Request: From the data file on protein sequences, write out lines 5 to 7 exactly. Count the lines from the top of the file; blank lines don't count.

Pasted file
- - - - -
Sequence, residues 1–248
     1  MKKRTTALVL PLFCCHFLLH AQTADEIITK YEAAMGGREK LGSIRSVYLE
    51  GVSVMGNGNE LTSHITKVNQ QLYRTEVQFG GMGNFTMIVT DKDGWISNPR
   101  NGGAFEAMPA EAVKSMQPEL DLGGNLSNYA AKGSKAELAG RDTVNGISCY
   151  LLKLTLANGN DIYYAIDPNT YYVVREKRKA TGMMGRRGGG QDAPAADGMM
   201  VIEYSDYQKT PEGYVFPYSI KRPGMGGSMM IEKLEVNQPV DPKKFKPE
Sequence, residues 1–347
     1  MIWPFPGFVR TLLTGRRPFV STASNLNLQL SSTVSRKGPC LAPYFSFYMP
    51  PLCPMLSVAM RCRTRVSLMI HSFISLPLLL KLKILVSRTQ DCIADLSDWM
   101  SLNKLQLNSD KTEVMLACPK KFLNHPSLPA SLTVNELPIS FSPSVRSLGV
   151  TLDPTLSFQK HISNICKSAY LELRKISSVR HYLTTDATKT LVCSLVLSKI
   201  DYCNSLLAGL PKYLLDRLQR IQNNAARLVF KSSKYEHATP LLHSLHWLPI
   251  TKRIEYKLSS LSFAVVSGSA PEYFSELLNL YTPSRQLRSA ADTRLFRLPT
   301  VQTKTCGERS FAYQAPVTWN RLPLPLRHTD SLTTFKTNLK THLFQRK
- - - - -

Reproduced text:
   151  LLKLTLANGN DIYYAIDPNT YYVVREKRKA TGMMGRRGGG QDAPAADGMM
   201  VIEYSDYQKT PEGYVFPYSI KRPGMGGSMM IEKLEVNQPV DPKKFKPE
Sequence, residues 1–347